Book Research

In an attempt to get students away from creating single flat images, we were invited to look at some archival materials. Examples of artists book, specifically. They were stored in a separate library from all the normal books. This place was operating on more of a British Library kind of vibe; reference only, not quite appointment only, but kind of. No bags of any kind allowed in the library, etc etc.

Since we were discouraged from photographing the material in question, I did you some drawings of the books. Aren’t I clever? No? That was a rhetorical question. You’re not supposed to just throw me under the bus like that. Jeez…

 

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Les murs ont la parole mai 68, possibly written by Julian Besancon and edited by Claude Tchou

The first book I looked at was quite small, horizontal in shape and completely typographical. And to top it all off, it was in French. Having had the good fortune to consult with one of the student in our class who speaks French, it was concluded that the book was a collection of inspirational quotes and the like written right before during or after the tumultuous period of upheaval in France during 1968.  I’m always given to the idea that design books are pretty things mostly lacking in substance, but to come across this one which captures the spirit of a political movement, which may or may not resonate in France today, well that is interesting. The message (whatever that may be) is delivered with minimum fuss and no unnecessary ornamentation. I feel encouraged that one can simple leave the message at the heart of the design without mucking around with sideways text and  splitting up words.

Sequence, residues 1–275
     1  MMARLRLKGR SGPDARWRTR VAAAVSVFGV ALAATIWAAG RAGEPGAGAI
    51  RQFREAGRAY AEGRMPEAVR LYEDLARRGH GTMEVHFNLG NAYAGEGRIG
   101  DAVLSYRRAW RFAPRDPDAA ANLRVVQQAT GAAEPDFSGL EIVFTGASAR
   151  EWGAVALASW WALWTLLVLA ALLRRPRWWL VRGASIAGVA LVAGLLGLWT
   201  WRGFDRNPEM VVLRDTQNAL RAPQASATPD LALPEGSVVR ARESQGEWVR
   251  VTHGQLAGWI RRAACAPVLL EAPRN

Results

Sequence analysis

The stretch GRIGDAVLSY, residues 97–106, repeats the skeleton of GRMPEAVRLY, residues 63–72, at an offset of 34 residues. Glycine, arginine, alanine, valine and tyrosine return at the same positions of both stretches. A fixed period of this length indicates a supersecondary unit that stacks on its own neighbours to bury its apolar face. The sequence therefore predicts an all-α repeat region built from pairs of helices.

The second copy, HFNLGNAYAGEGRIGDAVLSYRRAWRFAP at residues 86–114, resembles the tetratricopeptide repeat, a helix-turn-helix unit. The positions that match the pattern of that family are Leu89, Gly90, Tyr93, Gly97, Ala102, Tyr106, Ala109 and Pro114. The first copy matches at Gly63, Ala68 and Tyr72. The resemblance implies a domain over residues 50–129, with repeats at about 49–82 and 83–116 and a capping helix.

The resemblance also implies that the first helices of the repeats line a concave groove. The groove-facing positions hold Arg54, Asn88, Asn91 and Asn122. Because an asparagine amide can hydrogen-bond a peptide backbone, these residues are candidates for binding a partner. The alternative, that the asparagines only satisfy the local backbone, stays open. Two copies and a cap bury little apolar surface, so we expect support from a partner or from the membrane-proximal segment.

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All My Rubber Stamps by Mark Pawson

Moving on, the next book I looked at had a black cover with nothing on it. Inside it was a collection of rubber stamps belonging to Mark Pawson.  A very cool book, which I imagine he was selling at art fairs, since no ISBN number means no stocking in book shops. I suspect that’s the case with almost all of the books in that library and probably why someone thought it was a good idea to essentially keep these things under lock and key, but I digress…

He could have manufactured these books by himself, since all he would need to do is make empty books and stamp in the stamps, heck if he had young relatives, he could have enlisted their help. I’m sure they’d have loved it. Also, making your own stamps is an interesting concept, of course, I’m instantly reminded that it is completely possible to do such things on photoshop, which I already have and which it will cost me no more to make use of as opposed to going and buying some stamp kits and screwing up a few times until I get it right. Ah, what is one to do?

 

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The First and Last Straw by Andrew Lanyon

The last book I looked at was an interesting cynical look at Cornwall, from what I can gather, using collage, illustration, photography and more to poke fun at the modernisation of Cornwall. It resonates quite well with our focus on Southampton as I understand it, which is effectively looking at how Southampton has modernised on a way open to ridicule (at the ver least by Owen Hatherley). The variety of techniques applied to support the common theme is probably the sort of thing staff are hoping to see out of students.

Looking at these books and the ones other students were looking at has me thinking about concertina books, dust jackets with posters on the inside, pages with cut outs or made of different matterials to interact with each other, all sorts of things.

My little sketches don’t do justice to the work I’ve talked about, but hopefully my artwork will be able to do justice to my ideas when all is said and done

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